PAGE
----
Regular readers know that as part of the blueprint to save the financial system, your humble blogger has been advocating the creation of an EU-wide deposit insurance mechanism. The initial source of funding for this mechanism being the available procedes from the European Financial Stability Fund and the European Stability Mechanism.
Regular readers also know that as part of the blueprint to save the financial system, I think an EU-wide ability to seize banks is unnecessary.
In a modern banking system with deposit guarantees and access to central bank funding banks can operate and make loans to support the real economy for years with negative book capital levels. During this time, they can rebuild their book capital levels through retention of earnings.
If a bank is incapable of generating earnings, then the national government in its host nation should oversee its resolution.
Struggling European banks could be seized and controlled by Brussels as part of secret plans being drawn up, it has emerged.
Politicians hope the proposals, which would be funded by a new tax on banks, will stem the rapid escalation in the debt crisis witnessed in recent weeks.Please note, this plan will do nothing to address the escalation in the debt crisis caused by the EU politicians creating redenomination risk by insisting that Greece has to leave the EU if it rejects austerity.
The plan is being formulated alongside Italian Prime Minister Mario Monti's desire for a guarantee on bank deposits.Mr. Monti confirms your humble blogger's observation that so long as depositors think that the sovereign can perform on its deposit guarantee or that the sovereign is backstop by an entity that can perform on the deposit guarantee, depositors will leave their money in the banking system.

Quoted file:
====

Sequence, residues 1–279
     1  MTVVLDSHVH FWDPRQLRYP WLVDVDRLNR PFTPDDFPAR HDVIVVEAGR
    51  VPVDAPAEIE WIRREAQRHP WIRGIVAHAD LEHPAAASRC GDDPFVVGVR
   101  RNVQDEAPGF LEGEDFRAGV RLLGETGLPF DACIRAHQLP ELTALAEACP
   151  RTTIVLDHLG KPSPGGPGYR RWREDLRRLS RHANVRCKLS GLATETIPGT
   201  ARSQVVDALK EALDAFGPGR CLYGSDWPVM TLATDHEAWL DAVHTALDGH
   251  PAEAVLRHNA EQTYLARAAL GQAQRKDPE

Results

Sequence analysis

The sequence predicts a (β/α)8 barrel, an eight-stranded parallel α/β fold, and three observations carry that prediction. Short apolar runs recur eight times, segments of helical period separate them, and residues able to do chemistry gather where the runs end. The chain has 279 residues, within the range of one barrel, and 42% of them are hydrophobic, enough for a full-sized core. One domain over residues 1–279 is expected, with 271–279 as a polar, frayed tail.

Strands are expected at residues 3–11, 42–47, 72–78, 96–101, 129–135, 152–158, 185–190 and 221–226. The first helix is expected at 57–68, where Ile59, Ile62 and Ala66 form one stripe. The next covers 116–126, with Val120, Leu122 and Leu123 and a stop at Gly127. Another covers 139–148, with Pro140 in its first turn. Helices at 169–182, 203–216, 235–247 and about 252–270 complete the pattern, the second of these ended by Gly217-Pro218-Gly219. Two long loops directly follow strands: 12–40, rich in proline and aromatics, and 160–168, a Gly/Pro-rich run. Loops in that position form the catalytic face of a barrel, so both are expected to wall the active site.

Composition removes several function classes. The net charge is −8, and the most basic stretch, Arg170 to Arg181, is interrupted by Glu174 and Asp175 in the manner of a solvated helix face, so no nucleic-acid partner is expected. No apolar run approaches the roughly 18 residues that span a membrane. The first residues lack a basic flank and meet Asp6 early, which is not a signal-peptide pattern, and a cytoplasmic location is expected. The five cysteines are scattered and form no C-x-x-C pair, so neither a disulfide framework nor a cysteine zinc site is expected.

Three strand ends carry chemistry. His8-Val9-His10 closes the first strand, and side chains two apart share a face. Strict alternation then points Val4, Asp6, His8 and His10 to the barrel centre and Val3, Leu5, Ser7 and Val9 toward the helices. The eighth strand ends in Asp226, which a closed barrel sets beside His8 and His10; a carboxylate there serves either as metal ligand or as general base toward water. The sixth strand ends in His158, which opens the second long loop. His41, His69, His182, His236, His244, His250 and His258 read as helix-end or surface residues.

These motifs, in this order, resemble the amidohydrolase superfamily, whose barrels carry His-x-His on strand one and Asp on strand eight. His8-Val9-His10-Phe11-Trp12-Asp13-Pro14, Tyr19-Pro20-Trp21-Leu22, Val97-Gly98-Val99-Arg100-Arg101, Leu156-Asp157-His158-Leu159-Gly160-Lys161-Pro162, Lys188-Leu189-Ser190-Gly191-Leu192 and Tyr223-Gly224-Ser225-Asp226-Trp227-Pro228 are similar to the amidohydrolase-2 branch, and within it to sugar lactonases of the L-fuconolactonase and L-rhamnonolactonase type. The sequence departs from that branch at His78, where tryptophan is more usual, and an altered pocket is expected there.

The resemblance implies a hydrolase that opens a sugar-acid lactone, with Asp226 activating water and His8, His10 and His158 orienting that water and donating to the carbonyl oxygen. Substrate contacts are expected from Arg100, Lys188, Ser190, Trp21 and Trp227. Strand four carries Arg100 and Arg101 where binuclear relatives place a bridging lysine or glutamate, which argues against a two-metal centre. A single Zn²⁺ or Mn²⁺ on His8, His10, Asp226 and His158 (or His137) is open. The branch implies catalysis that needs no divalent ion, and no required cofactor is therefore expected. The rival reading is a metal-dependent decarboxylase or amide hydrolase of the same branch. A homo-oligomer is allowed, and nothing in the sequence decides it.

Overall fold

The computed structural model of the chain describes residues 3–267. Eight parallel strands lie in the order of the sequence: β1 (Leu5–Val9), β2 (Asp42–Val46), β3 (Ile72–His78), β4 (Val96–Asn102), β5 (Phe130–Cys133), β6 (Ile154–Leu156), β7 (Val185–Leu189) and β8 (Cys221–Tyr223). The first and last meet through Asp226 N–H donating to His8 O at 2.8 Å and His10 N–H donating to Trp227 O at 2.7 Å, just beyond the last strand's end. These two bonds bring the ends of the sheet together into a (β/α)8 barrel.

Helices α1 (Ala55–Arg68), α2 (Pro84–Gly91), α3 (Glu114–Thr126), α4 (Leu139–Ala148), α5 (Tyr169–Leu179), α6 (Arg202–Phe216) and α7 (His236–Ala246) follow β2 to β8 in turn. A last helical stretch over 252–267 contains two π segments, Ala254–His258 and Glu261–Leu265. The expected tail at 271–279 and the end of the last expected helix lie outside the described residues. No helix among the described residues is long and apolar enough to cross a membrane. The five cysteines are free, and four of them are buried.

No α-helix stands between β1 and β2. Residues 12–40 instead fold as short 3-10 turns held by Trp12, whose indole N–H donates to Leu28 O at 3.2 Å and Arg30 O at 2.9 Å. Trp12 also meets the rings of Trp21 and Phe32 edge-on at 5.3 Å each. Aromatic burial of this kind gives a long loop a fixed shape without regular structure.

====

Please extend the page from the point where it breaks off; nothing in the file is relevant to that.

As soon as depositors believe that the deposit guarantee might not be honored, then you have a run on the banks.
The annual levy would be placed into a "deposit guarantee scheme", with the fund - backed by the EU, ECB or European Stability Mechanism - also having the power to take over struggling banks.
"Once you have got to a point intellectually where you are comfortable with a central European guarantee on all bank deposits, it takes only another small step to accept that this fund should have broader powers," the Sunday Times quoted one financier working on the plans as saying.As everyone knows, 100% of the advice offered by financiers/bankers is in their best interest. The critical question that regulators and policymakers have to ask is this advice also in the EU's best interest?
Is the ability to take over struggling banks in the EU's best interest?
Alternatively, it takes only another small step to accept that this fund should only guarantee deposits at EU financial institutions that provide ultra transparency and disclose on an on-going basis their current asset, liability and off-balance sheet exposure details.
With this disclosure, the deposit guarantee scheme could piggy-back off the market's assessment of the risk of each bank and charge the bank a deposit insurance premium that reflects the risk of the bank.